A member of the city's Preservation Commission says a recent decision by city officials that might mean the wrecking ball for a downtown landmark shows an underlying disregard for the city's historic buildings.

"While I can't speak for all of the people of Bountiful, I just feel like being second oldest community in the state that we need to preserve our local heritage and history. I don't see the city doing that," said Leslie Foy, a commission member and Utah history teacher at South Davis Junior High.Foy said both the Planning Commission and City Council failed to ask the Preservation Commission's opinion of a preliminary decision to approve a development at Fifth South and Second West that would include a 44,000-square-foot food store, retail strip mall and two other commercial buildings. The 7.2 acres owned by the descendants of Joseph Morris Palmer include a home at 515 S. Second West built in 1874 and listed on the National Historic Register.

"I don't know whether the Palmer home is any more historic than any of the other homes built at the time, but it's the underlying tone of the city (government). They just seem to have little regard for the history of our community. Something has got to be preserved along the way," Foy said. "We don't have too many old homes left."

He hopes that developers of the project, Boise-based Cantlon Properties, would consider saving the historic home as a museum. He also believes that the city ought to adopt stiffer historic preservation ordinances and hold public hearings before landmarks are demolished.

Roger Cantlon, owner of Cantlon Properties, said Monday the fate of the home is still up in the air. He said he is willing to talk to the Preservation Commission about making the home a museum. He said his company is still negotiating with a number of unnamed grocery store chains to become tenants, and a final decision on project plans should be made between 90 and 120 days.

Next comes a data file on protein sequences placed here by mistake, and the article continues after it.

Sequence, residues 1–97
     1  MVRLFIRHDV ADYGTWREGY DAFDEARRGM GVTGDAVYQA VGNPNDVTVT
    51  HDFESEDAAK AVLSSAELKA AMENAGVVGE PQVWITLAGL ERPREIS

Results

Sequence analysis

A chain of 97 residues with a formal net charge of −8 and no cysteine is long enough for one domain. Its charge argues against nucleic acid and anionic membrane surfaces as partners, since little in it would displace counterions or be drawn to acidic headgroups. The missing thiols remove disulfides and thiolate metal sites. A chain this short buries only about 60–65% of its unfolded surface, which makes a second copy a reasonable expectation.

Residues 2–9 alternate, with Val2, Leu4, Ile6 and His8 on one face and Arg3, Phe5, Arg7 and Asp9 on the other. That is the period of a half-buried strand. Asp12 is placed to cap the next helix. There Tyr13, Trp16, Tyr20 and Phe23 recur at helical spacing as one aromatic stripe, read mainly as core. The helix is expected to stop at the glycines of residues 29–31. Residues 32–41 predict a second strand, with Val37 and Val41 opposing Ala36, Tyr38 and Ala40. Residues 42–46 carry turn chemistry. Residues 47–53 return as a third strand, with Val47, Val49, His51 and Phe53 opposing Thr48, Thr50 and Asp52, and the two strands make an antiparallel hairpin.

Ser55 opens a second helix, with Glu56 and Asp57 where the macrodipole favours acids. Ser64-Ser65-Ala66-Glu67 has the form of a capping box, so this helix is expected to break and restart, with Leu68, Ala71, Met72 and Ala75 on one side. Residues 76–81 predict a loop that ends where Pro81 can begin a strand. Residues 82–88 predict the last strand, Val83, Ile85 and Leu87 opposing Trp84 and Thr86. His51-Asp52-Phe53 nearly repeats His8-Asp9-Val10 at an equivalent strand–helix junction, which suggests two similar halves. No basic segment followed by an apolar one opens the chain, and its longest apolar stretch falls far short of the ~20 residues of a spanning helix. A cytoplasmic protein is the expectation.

"We really want to have a dialogue and do the best project for the community," Cantlon said.

Jon Reed Boothe, Bountiful city planning director, also said the Planning Commission had told Cantlon that the home was "nothing sacred" to city residents. Council Member Keith Barton said the council approved the preliminary plan without realizing that a historic building was threatened.

"It bothers me that they set up a commission and don't give us any kind of notification," Foy said, recalling when the historic Thurgood Ice Cream store was demolished. Members of the Preservation Commission were informed with just about enough time to take a picture before the building was turned into rubble, he said.

According to its application to the National Historic Register, the Palmer home was built in 1874 by Wilber Burnham. It was later sold to James Foss Townsend and passed on to Joseph Morris Palmer, who married Townsend's daughter. It is one of the few houses from Utah's pioneer period that is a "temple form" house inspired by Greek Revivalism.

Joseph Palmer, one the family members selling the property, including a handful of newer homes, said the family would like to see the pioneer home remain. But he said he would oppose the city adopting preservation ordinances that would impinge on rights of property owners.